And finally, many of the ideas that I used for his sister in this List, would also work for him – just with different colours or fabric.

So – I hope that you can find some ideas in here for the young men in your life.  Now to narrow down the options for my boy, in time for his birthday!!

Friday finds – a list of DIY gift ideas for a 9 year old girl with links to tutorials

Oh dear. The middle chick turns 9 next week and I am drawing a blank about what to make for her (let alone buy for her!) Last year I made her bunting with her name on it, and a creativity suitcase. This year? I am just not sure! So I decided to prepare a list of the links I find and share them with you in an effort to find inspiration for myself! Let’s hope it works!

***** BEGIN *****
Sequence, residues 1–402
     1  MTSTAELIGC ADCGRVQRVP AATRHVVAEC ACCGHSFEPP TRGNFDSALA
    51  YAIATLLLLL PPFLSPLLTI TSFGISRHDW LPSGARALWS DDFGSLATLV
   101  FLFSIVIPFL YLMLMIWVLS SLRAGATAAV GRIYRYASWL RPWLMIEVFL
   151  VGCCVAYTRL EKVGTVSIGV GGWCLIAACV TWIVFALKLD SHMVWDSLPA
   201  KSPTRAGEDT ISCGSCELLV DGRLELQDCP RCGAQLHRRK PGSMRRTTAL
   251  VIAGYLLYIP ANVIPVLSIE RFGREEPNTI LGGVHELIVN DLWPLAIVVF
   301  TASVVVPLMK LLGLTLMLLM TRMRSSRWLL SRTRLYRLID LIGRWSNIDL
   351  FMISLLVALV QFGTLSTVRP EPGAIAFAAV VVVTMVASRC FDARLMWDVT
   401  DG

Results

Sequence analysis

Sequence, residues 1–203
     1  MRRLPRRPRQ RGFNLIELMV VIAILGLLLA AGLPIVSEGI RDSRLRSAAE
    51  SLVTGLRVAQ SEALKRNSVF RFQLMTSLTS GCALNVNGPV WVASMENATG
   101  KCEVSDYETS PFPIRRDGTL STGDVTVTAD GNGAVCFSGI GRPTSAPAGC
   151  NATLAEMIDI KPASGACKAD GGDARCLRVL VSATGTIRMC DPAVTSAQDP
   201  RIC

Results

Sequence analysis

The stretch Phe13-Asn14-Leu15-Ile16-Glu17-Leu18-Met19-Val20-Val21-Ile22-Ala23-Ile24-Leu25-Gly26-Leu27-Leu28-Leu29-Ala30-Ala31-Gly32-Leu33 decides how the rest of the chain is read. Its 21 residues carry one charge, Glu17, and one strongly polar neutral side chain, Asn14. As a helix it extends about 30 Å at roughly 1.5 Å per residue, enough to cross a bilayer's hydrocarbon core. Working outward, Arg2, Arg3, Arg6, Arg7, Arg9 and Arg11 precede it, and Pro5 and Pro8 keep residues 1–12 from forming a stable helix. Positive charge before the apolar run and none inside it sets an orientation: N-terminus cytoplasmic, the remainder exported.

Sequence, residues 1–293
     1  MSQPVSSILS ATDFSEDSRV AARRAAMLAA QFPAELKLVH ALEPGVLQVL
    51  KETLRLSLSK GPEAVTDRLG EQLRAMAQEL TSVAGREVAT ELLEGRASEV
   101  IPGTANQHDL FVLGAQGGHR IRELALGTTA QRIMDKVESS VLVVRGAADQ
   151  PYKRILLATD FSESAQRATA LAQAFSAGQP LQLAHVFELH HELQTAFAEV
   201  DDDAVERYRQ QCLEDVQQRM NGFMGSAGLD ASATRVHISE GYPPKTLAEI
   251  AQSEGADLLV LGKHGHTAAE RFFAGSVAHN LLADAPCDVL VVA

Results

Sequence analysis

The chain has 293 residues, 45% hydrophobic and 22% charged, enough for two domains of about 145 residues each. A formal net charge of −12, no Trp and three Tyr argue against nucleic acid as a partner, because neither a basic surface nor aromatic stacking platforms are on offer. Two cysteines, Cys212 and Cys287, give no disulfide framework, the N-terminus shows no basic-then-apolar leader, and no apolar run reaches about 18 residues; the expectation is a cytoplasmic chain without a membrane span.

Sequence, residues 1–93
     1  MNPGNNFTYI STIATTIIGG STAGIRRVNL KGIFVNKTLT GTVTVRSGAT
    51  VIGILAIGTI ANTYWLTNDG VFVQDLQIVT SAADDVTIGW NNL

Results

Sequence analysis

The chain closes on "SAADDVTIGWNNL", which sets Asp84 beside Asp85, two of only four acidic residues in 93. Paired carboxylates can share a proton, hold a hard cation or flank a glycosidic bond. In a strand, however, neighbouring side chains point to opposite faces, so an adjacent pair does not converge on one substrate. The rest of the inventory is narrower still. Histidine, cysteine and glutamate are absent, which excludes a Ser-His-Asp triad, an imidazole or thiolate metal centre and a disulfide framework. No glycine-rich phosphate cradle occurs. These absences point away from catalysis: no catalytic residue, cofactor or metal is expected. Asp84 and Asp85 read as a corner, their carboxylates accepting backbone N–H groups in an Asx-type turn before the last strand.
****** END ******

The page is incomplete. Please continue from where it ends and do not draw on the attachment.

Hair accessories

These days my nearly 9 year old is very fashion conscious.  She puts together her own outfits with more style than many adults – layering colours, textures and different fabrics to create her own ‘look’.  I think that some hair accessories to assist in her styling wouldn’t be out of order!

Interchangable ruffle headband – Funky Polka Dot Giraffe

Hair accessories – Life and Grace

Hair Accessories – Style My Party

IP-HAIR-ACCESSORIES

Rolled Ribbon Rosette Hair Accessory – Mom Advice

Home décor

Part of developing her own style means that my nearly-nine year old is a ‘tween’.  So it is time to update the bedroom décor and let her have her own space to express herself.  Some of these accessories might just do it!

Alphabet cushion – Hobbycraft